In conclusion, family firm practitioners must understand that while Asian business families are young, the culture and values that bind the earlier generation(s) are no longer enough to unite everyone in the extended family. Family business advisors should start communicating to the inter-generational family members about professionalising their family businesses while the current generation is still active in leading the firm. Second, evolution is also about preparing and mentoring the pipeline of next generation leaders. The formation of a family office and having an advisory panel are some ways to help with this development. In addition, as many next generation members innovate and pursue new businesses, advisors are valued for their domain expertise in areas like business, finance, wealth management or private equity knowledge. Finally, as business families evolve, advisors can well-serve their families only by having their own network of partners and families for Asian families to connect with and learn from. The evolution has just begun.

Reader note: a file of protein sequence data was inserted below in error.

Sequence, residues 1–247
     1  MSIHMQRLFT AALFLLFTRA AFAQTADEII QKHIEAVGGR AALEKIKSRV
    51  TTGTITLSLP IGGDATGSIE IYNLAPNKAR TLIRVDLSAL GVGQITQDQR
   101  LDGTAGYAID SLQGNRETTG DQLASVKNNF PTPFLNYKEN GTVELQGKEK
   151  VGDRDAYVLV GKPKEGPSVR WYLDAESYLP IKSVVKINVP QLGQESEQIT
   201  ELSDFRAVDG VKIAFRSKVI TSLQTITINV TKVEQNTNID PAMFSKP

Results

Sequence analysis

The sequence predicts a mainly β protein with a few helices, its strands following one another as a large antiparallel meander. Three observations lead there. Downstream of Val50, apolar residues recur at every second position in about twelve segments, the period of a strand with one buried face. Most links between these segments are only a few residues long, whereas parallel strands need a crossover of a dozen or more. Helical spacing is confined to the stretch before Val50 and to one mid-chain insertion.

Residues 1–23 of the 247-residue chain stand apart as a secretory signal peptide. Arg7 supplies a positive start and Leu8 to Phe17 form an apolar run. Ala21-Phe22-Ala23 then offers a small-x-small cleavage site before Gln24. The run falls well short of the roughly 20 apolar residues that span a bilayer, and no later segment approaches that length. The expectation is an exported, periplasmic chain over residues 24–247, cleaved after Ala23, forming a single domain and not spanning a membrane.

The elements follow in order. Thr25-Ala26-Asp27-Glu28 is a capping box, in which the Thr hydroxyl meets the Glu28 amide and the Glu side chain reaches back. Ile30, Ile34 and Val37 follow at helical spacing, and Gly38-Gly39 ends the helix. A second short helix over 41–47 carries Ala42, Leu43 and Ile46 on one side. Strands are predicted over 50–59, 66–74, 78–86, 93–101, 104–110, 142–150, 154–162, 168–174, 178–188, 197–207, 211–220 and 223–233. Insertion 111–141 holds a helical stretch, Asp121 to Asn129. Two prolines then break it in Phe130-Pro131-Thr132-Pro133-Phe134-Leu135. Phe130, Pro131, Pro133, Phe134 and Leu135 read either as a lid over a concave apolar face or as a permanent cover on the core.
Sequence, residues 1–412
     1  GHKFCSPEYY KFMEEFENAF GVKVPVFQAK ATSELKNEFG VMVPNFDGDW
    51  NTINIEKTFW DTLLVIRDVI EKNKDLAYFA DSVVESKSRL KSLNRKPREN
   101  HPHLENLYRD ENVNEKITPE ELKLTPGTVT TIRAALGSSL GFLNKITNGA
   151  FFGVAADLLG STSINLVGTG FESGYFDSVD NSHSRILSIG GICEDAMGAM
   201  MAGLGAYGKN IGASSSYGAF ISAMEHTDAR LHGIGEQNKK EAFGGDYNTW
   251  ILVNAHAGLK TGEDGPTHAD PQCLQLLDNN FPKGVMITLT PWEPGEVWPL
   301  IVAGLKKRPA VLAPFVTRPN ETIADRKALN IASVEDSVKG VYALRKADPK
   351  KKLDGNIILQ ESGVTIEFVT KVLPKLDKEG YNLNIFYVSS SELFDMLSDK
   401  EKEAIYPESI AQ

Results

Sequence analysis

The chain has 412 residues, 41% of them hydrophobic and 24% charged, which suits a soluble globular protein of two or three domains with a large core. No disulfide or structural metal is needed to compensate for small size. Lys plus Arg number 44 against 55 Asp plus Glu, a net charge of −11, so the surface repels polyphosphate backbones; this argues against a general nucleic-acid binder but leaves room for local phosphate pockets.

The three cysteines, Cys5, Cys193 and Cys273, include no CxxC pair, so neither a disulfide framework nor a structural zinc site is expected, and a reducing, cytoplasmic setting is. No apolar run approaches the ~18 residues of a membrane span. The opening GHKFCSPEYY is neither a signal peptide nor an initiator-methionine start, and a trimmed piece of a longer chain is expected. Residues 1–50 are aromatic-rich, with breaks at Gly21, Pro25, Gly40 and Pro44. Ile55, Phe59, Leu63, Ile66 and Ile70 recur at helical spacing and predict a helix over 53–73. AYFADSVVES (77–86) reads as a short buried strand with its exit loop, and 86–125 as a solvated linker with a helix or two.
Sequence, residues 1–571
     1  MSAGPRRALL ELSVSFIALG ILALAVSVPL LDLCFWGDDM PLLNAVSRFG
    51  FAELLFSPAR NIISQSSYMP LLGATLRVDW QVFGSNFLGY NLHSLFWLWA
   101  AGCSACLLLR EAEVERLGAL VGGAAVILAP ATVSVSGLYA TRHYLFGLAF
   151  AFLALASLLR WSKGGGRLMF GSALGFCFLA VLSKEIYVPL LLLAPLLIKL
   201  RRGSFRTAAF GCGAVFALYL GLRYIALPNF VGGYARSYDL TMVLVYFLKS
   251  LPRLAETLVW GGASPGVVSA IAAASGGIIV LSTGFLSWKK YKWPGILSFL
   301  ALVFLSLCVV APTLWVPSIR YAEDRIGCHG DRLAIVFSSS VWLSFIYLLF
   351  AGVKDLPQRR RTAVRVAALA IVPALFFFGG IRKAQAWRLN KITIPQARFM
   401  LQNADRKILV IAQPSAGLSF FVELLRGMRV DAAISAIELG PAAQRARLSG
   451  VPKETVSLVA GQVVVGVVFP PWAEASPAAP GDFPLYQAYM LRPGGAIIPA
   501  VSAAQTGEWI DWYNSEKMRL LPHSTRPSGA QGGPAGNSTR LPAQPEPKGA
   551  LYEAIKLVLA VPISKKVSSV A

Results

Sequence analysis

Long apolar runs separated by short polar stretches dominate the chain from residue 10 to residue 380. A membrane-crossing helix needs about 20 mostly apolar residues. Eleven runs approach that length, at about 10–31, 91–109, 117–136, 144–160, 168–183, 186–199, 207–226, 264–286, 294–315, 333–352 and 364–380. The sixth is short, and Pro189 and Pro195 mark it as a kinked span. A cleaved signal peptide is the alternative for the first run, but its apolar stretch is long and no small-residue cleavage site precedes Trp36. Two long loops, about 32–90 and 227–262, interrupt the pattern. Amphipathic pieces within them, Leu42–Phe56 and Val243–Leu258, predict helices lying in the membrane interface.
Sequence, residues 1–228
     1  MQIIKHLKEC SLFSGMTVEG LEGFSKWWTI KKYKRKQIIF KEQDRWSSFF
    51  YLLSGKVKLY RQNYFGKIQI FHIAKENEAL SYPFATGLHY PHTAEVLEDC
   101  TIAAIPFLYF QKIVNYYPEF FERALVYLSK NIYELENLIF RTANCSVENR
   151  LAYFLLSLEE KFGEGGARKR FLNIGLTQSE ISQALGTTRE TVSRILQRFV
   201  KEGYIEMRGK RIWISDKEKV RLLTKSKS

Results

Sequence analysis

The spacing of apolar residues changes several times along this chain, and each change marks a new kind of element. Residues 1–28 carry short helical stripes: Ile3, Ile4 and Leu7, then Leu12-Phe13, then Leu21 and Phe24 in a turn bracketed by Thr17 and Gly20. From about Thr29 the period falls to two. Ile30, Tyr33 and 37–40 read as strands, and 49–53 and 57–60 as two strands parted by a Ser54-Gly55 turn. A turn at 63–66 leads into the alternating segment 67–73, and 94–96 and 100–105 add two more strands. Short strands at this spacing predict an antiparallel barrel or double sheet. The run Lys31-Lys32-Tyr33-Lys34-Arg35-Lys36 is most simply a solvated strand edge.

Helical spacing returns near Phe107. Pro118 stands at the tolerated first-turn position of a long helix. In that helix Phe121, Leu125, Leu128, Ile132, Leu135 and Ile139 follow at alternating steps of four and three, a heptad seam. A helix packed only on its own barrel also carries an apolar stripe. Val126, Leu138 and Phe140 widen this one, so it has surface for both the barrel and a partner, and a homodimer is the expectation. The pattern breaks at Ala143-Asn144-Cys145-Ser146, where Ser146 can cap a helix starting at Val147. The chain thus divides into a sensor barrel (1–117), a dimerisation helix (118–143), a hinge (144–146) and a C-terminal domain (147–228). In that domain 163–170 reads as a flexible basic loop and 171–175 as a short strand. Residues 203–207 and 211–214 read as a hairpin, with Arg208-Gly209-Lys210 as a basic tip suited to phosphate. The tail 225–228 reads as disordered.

About the contributors
Annie Koh, an FFI board member, is the vice president for Business Development and a professor of Finance (Practice) at the Singapore Management University (SMU). She is also the academic director of Business Families Institute @SMU. She can be reached at firstname.lastname@example.org.
Esther Kong, CFBA, is the deputy director of Business Families Institute @ SMU. She can be reached at email@example.com.